In a speech last week, Charity Commission chief executive Paula Sussex set out what she sees as the reasons for problems with trust and confidence in charities.
She said: “People told our researchers they were concerned by pressurising fundraising practices, a lack of clarity about where their money goes, a perception that too much money is spent on salaries or advertising.”
I don’t think many people would disagree with her. And for all these, comms has a critical role to play.
Let’s take the issues she raises one by one:
Pressurising fundraising practices: Addressing this is, I think, more about organisational culture than communications (and I’ve blogged about this previously). But comms people have a good understanding of their audiences and so should know what’s acceptable and what’s not. If we’re aware of fundraising practices that have the potential to damage our organisation’s reputation, we should speak up.
Clarity on spending: While we’re generally great at explaining why a cause is important, we’re often not as good at explaining the detail of how we’re spending people’s money and what impact it’s having. Or sometimes we explain it in a way that doesn’t reflect the complexity of the issue or the challenges around demonstrating impact.
I think we could to do more to take our supporters into our confidence and to explain the complexity, acknowledge our lack of certainty, and be open about the things that don’t work as well as we’d hoped.
Admitting you don’t have all the answers and trusting people to carry on supporting you anyway is not easy. It can feel scary. But it’s the best way to build real engagement.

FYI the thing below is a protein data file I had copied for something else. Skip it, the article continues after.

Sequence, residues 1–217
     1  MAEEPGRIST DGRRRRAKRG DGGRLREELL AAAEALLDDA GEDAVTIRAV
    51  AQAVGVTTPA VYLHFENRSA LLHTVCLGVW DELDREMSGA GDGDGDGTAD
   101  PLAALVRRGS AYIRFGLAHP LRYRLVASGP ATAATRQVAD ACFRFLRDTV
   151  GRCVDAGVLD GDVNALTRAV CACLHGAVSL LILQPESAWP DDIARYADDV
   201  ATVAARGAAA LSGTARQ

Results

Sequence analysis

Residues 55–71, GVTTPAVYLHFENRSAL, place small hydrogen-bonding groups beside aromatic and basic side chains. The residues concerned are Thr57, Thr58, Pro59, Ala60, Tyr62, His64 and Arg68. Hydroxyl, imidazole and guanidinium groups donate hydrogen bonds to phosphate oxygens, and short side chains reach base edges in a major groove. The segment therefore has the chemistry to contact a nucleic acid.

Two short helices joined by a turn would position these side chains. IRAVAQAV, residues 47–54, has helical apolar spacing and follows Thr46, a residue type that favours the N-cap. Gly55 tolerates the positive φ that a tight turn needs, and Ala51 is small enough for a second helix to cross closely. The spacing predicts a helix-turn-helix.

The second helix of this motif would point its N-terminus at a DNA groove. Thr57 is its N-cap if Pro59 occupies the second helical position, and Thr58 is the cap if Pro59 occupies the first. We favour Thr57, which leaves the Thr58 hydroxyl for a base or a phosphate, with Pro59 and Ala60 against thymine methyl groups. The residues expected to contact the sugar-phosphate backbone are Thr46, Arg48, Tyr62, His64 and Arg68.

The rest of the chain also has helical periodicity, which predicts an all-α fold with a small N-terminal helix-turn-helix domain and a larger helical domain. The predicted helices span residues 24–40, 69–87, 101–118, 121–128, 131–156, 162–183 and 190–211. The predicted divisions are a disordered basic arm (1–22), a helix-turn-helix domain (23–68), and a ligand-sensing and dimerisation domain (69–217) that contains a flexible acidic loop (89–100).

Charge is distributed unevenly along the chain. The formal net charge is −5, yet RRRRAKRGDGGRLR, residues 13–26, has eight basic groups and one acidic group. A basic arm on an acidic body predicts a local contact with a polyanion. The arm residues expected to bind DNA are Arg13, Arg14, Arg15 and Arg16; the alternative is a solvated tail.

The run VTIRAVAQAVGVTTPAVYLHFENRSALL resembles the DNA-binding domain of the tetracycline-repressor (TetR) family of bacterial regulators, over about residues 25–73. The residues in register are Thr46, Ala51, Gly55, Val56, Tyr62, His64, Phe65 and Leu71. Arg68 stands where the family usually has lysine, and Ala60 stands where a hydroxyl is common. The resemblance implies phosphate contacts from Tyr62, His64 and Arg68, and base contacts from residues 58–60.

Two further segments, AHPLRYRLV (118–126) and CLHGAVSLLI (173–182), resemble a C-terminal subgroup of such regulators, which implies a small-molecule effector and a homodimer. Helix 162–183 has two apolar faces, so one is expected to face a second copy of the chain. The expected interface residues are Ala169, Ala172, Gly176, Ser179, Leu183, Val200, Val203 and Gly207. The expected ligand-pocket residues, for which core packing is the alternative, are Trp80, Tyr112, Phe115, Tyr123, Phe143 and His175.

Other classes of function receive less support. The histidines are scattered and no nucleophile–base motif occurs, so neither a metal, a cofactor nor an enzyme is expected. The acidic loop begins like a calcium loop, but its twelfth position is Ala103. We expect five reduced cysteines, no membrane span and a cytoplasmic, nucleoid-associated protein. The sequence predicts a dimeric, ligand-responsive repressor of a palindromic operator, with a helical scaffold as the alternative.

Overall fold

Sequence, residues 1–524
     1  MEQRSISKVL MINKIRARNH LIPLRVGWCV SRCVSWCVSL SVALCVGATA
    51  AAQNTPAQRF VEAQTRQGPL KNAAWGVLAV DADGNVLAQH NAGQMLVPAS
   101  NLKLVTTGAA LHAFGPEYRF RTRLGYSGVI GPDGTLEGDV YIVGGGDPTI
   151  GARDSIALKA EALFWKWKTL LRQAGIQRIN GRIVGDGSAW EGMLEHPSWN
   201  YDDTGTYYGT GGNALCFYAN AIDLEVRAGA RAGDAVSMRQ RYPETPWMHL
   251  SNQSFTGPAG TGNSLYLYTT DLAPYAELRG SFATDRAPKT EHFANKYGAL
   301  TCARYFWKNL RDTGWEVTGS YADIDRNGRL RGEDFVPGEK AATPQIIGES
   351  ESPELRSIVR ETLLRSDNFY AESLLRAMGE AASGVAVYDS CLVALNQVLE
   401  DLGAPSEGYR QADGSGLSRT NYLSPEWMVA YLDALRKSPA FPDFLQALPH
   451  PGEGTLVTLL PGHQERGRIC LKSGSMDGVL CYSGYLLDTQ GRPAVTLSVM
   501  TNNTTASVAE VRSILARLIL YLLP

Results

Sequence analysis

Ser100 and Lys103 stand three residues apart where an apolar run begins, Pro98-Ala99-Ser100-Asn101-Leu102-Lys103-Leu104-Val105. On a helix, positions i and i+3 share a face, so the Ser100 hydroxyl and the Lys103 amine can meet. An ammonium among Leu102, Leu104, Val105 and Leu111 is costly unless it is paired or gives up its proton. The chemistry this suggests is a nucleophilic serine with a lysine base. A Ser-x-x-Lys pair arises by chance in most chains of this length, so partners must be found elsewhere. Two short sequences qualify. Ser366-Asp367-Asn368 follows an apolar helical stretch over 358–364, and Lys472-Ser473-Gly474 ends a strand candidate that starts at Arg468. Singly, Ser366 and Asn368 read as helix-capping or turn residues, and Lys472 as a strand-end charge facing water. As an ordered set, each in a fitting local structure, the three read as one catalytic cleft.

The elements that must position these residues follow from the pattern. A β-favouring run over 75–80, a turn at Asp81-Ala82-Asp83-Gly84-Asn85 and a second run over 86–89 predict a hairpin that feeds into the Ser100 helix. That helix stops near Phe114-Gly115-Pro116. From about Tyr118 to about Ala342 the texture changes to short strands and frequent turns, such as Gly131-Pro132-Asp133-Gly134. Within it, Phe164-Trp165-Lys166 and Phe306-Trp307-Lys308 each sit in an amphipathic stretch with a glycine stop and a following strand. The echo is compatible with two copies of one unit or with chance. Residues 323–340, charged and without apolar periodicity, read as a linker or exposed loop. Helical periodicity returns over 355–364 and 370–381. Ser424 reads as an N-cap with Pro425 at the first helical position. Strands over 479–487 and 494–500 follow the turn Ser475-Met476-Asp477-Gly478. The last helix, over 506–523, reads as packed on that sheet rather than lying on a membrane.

Salaries: On the whole, I don’t think people in our sector are paid too much. I’ve yet to hear a reasonable argument for putting multi-million pound budgets under the control of altruistic amateurs. But there’s definitely a perception that charity salaries are too high.
I think part of the reason is that many people do not realise how charities have evolved over the last couple of decades. That’s something we as communicators need to address. This means using your communications to explain not just your cause but also your organisation, including why your charity is set up as it is. It’s about showing how every decision on overheads or organisational structure is ultimately about delivering charitable objectives.
Advertising: Given criticism of charity advertising, we need to proactively explain why we spend money on it. This might be because it’s an effective way or raising money, it changes public attitudes, or it encourages individual people to change their behaviour. And we, as a sector, should make sure we’re celebrating examples of brilliant adverts that have a real impact (like St John Ambulance’s recent, and life-saving, The Chokeables).
So it’s clear for each of the challenges with trust identified by the Charity Commission’s chief executive, communicators have a central role in addressing them.
This is really important, because the size of the prize in meeting these challenges is massive.
We know that, every single day, our sector does brilliant, amazing work that changes lives for the better.
But we’re only going to be able to continue doing this at the same level if we maintain the public’s trust. And the only way we’re going to do that is if we get our comms right.
We’ve got a sector full of bright, innovative, inspiring communicators, and we’ve got a huge, important task ahead of us. So let’s get to it.